What are the actual concerns that make so many people upset about the leaf blower?
The primary issue is the sound that is generated by leaf blowers, typically in residential areas. It is the “noise”. Most people just think a leaf blower is loud and complain only about that without understanding what the total problem really is. The whining sound typical of older designs also tends to irritate people. The sound of a leaf blower is historically uncomfortable to listen to.
There is also concern about when leaf blowers are used. There are many things one would rather not have to listen to after 8:00 PM or before 7:00 AM. Not surprisingly, the leaf blower is one of these.
Many operators do not know how to properly use a leaf blower. As with everything, there is a right way and a wrong way to use a blower and it is not always obvious. For example, because blowers at an idle are quieter than when run at high speeds, large blowers should rarely be operated at full throttle in a residential area.
Also, care should be given as to where debris is blown. It is imperative that the operator be courteous and conscientious.
Complaining on the basis of noise alone has not resulted in the kind of support needed to result in blower ban legislation as anti-blower activists had hoped. They had to expand their argument from a mere noise complaint, which is only a harmless irritation, to a potential health hazard. The result is their focusing on engine exhaust emission and the generation of dust. Intuitively, after listening to their argument, people tend to believe that blowers might be hazardous to your health, which helps their case. Of course, this has no foundation in fact, as the CARB report and others have indicated.
Exhaust emission was a problem many years ago, but not any more. Emissions have been reduced up to 90% to meet new stringent government Standards. Comparing actual emissions from a car to a leaf blower over the course of time, automobiles are considerably worse than leaf blowers. Think about it. Most households with one automobile run a tank of gasoline per week through a car (18 gallons on average) while a leaf blower’s fuel consumption is measured in ounces per week, per household.
Test results show that dust is insignificant compared to other common sources as was proven by the University of California study for the San Joaquin Valley Air Pollution Control District mentioned earlier in this pamphlet.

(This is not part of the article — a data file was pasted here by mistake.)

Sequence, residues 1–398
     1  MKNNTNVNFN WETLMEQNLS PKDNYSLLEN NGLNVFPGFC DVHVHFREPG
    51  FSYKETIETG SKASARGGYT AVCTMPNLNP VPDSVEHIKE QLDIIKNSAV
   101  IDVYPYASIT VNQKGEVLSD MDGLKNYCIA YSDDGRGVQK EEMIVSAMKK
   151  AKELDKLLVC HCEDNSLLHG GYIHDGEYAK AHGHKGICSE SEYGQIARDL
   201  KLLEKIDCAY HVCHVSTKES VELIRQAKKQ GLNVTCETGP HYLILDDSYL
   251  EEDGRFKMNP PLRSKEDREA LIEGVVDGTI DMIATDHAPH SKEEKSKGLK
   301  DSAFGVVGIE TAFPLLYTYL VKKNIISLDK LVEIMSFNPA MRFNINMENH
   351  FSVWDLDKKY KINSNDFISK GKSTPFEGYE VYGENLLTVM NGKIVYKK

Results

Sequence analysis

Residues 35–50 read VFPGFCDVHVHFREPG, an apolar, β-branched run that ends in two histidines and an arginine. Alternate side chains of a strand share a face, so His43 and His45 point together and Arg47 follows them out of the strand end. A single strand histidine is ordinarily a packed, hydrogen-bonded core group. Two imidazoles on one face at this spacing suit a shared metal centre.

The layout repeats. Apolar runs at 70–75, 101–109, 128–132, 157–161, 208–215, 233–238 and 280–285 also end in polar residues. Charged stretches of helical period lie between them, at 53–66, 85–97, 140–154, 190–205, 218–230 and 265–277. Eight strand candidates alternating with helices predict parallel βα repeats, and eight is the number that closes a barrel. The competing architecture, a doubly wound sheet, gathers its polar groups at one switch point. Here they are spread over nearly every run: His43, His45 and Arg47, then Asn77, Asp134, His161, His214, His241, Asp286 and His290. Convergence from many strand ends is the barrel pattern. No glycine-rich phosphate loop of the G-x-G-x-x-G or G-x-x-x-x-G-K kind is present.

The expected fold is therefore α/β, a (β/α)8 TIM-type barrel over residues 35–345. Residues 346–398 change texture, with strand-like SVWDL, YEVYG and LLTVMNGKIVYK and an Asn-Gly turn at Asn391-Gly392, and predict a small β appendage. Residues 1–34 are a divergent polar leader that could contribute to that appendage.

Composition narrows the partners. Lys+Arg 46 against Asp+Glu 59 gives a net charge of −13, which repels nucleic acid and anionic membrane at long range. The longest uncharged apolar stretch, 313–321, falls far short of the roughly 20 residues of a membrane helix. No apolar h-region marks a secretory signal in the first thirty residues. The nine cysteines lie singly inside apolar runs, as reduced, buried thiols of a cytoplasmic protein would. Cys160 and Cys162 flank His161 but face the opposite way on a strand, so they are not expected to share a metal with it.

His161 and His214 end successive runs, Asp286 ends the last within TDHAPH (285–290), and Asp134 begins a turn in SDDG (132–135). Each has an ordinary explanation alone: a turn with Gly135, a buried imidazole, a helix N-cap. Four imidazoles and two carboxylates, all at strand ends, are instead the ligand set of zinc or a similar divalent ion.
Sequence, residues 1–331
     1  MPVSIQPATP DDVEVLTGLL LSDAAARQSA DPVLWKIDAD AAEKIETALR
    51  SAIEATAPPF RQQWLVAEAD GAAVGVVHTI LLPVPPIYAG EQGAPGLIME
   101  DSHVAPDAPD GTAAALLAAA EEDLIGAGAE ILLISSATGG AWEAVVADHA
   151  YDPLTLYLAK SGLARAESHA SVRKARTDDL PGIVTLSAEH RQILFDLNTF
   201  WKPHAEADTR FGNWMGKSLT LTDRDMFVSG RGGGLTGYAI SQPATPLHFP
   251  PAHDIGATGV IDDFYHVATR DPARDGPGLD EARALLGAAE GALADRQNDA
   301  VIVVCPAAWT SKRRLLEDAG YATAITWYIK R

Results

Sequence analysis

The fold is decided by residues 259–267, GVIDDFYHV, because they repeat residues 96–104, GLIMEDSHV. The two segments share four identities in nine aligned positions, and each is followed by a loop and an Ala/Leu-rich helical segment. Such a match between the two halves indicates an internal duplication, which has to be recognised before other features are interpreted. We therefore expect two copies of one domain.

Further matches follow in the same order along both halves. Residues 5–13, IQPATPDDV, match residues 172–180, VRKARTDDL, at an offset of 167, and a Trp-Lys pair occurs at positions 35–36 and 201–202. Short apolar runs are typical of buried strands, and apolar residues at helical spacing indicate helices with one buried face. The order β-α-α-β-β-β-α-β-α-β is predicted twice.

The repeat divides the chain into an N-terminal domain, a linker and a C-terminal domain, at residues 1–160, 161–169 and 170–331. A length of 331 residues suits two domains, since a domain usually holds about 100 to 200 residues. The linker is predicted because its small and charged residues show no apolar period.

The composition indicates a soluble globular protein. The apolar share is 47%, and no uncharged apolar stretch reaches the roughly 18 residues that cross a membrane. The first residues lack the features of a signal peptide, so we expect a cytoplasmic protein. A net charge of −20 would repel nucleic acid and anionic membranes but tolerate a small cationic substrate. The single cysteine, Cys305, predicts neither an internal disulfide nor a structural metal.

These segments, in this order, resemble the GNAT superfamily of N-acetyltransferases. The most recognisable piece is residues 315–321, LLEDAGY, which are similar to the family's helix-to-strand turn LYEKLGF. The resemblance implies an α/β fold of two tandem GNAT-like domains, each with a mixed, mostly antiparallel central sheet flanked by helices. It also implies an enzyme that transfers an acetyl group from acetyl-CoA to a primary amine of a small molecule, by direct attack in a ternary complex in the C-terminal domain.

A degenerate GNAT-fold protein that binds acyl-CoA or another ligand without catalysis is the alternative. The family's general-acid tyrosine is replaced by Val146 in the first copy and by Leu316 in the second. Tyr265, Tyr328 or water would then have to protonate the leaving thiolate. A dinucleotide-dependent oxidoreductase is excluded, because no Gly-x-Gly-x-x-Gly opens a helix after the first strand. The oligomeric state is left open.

There have been many efforts to place a “black cloud” over leaf blowers. Supporters of this view are truly disturbed by the seemingly loud; mostly irritating sounds generated by blowers and they feel compelled to do something about it. In their zeal, they are using every argument possible to paint the blower as an evil and unnecessary landscaping tool. Often they find someone that said something unflattering about the blower and then they quote this person as if what he said was fact. Although their argument is mostly anecdotal and unsubstantiated, this type of propaganda serves to reinforce those that are considering banning leaf blowers in other communities. You can find comments such as these on several web pages compiled and financed by dedicated and determined anti-leaf blower activists.
What to do about it
Well, the easiest option is to use a rake — or just leave the leaves where they are, which is healthier for the environment.
But leaf blowers didn’t get to where they are today because people like to rake. Electrical versions, either corded or battery-powered, would address the air quality and virtually all of the noise concerns.
While government regulation might help with emission levels, noise concerns might best be dealt with using more social approaches. Establishing neighborhood-wide leaf blowing intervals, or limiting the activity to a single day per week, would help make our lives a little better. As an added benefit, this would also help people feel that their concerns are being heard, and foster a sense of community.
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